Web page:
When Reverse Mortgages Make Sense

Reverse mortgages may have been considered products of last resort, but they can make financial sense for the right borrowers who need them, according to a recent article from Houston’s

Whereas in the past reverse mortgages have come under fire for perceivably high fees and instances of borrowers spending down their home equity too quickly, several regulations in recent years have served to make the product safer for consumers, notes the article.

However, it is still largely up to consumers to know exactly what they are getting into, says Bruce McClary, spokesman for Washington, D.C.-based nonprofit National Foundation for Credit Counseling.


“There is a place for reverse mortgages under certain circumstances,” McClary said in the article. “Not all offers are the same. Some seniors need to look at the details and ask a lot of questions.”

The article also features input from One Reverse Mortgage President and Chief Operating Officer Gregg Smith, and National Reverse Mortgage Lenders Association President and CEO Peter Bell, who each discuss certain eligibility qualifications for reverse mortgages. 

When it comes to driving people into the decision to get a reverse mortgage, motivation is a factor.

“There are many reasons people would tap the equity in their home through a reverse mortgage, but if it’s for daily survival, there may be better options,” states.

Read the article.

Written by Jason Oliva

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  • “Reverse mortgages may seem like a product of last resort, but for certain homeowners they can be a viable way to access the equity they have built up in their home.” It seems Donna is making a distinction without a difference. If you can figure out how a HECM that is used as a loan of last resort cannot also be described as a viable way to access the equity you build up in your home, please let me know.

    “Made familiar by famous spokesmen and Robert Wagner and Henry Winkler….” Unless I am mistaken by now Senator Thompson has been on far more ads than the other two combined.

    The writer goes on to say: “Your equity can be paid out monthly for a fixed period of time until you die….” First these are loan proceeds, not equity and the time line does not necessarily at death especially when there are surviving borrowers, but when the home is no longer considered the principal residence of at least borrowers, there is a default, or the filing of a petition of bankruptcy.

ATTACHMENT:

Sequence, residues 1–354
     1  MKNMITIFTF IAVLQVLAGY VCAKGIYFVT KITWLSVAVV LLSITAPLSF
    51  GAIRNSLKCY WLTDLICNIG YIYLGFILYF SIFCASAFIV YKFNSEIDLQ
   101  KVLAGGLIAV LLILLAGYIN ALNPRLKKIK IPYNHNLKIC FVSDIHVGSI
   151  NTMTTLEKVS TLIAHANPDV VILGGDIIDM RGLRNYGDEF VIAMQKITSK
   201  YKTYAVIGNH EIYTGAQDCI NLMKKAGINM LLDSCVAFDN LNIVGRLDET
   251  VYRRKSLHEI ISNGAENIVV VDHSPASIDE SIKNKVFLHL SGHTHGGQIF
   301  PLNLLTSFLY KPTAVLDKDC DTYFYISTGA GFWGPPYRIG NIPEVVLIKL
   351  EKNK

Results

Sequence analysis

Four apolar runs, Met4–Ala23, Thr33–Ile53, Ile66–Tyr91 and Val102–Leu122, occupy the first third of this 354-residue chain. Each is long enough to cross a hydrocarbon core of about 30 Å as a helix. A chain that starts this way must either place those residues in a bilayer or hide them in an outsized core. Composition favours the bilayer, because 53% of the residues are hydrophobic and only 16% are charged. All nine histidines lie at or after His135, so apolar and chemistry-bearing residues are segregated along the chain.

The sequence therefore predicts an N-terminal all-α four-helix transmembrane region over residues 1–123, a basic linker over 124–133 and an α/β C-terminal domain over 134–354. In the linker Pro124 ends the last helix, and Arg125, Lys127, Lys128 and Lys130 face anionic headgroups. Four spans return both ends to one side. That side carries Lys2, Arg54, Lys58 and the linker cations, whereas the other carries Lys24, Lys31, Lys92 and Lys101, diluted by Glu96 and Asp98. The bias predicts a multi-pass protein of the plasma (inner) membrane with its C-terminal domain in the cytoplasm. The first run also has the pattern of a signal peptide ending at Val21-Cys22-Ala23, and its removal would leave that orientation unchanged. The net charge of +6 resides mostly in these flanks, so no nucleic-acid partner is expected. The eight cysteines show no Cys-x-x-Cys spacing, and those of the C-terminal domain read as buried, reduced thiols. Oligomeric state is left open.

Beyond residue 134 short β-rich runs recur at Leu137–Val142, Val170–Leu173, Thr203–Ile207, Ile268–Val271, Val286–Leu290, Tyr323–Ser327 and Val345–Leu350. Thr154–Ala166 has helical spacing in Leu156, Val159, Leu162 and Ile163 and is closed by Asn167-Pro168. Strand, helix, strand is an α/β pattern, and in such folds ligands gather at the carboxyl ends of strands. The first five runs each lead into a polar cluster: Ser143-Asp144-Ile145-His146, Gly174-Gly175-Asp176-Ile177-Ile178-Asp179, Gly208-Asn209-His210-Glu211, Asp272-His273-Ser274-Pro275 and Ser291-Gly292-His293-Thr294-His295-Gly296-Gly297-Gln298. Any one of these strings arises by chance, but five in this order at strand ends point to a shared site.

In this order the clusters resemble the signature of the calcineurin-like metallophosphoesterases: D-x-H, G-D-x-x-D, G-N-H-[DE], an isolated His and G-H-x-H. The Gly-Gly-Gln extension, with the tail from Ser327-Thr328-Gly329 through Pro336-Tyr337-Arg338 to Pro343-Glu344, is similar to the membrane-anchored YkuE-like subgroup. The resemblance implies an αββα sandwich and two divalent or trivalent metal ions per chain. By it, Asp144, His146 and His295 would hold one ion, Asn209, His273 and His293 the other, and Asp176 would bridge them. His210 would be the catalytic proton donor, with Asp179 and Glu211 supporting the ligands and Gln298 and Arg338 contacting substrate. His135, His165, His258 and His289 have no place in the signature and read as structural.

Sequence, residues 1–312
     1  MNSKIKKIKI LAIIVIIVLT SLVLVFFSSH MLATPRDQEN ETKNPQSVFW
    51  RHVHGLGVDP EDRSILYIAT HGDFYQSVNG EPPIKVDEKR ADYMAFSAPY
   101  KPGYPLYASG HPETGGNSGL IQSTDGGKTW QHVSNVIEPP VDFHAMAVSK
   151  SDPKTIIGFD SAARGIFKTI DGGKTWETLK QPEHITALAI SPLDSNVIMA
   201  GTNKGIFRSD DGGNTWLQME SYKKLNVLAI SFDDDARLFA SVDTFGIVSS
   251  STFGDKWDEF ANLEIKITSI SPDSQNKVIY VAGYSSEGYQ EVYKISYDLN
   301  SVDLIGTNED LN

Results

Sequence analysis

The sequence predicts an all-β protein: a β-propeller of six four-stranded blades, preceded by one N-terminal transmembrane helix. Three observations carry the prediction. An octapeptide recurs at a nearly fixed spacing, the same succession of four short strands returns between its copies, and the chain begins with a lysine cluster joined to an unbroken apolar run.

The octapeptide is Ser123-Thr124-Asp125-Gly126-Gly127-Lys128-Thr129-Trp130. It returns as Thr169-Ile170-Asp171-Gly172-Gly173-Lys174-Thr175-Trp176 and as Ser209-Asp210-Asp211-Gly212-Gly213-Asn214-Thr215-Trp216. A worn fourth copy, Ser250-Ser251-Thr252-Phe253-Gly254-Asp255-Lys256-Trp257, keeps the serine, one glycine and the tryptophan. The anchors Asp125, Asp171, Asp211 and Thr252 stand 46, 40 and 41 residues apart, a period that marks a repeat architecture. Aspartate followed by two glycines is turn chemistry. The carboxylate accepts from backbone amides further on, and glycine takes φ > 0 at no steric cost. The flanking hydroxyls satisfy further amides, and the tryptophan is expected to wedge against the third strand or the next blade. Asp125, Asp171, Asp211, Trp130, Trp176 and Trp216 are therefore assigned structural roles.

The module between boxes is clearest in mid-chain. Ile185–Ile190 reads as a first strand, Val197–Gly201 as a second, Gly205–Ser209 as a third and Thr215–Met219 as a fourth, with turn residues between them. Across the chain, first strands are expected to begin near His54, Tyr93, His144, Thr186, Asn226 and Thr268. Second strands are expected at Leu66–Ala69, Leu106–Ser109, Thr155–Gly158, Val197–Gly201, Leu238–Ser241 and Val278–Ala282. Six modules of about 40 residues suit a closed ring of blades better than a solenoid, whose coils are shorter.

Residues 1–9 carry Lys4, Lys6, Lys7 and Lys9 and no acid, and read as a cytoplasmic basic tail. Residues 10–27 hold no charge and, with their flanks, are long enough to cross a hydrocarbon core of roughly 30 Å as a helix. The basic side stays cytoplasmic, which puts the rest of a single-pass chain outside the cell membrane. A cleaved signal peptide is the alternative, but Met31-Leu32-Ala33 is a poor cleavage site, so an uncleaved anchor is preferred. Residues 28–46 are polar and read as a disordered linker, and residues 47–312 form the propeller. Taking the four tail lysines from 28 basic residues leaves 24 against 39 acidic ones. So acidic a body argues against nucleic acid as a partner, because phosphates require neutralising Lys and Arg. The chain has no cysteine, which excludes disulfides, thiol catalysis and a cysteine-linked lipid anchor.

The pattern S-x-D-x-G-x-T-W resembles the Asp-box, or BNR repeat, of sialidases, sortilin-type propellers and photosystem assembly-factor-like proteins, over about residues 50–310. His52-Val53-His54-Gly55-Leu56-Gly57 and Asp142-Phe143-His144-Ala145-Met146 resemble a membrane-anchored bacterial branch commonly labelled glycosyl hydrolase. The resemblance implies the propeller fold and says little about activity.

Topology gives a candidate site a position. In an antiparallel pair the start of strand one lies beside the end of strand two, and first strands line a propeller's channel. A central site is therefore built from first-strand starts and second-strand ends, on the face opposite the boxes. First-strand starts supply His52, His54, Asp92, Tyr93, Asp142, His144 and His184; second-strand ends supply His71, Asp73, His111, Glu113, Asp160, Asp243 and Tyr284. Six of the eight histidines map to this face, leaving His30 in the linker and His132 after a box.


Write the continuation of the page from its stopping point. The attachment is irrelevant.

“If you die or the home isn’t the primary residence for more than 12 months, the loan comes due….” Really? The principal residence rule is at least one borrower must occupy the home for more of the year than not. So the test in a leap year is 184 days and in other years, 183 days.

    Here comes another myth: “For starters, expect to pay insurance during the life of the loan. That insurance protects you in the event that your house is worth less than the loan value when it comes due.” The insurance does not protect the borrower at HECM termination; it protects the lender at that time. It is the loan documents themselves (the agreement between the borrower and the lender) that protects the borrower; it is a non-recourse mortgage by the terms of the loan. In any case since 1992, federal law makes all reverse mortgage transactions non-recourse [15 USC 1602(bb)] whether insured by FHA or not. FHA insurance allows HECM lenders to lend out more money at less interest costs to the borrower than standard business practice would otherwise demand.

    Here is a very pessimist way to say that most HECMs end in a transaction transferring title to a third party: “Because you ultimately give up your home when the loan comes due, Sass said it’s not the right choice for someone who wants to leave their home to children or grandchildren.” Yet the home is not “ultimately” given up but generally is sold to pay off the balance due; however, the goal of at least one strategy is to avoid a substantial balance due at termination, the Standby Reverse Mortgage strategy.

    The writer provided no insight as to how a HECM is not a loan of last resort though he referred to that concept. So while some may look at this as a positive article, how can be anything other than negative?

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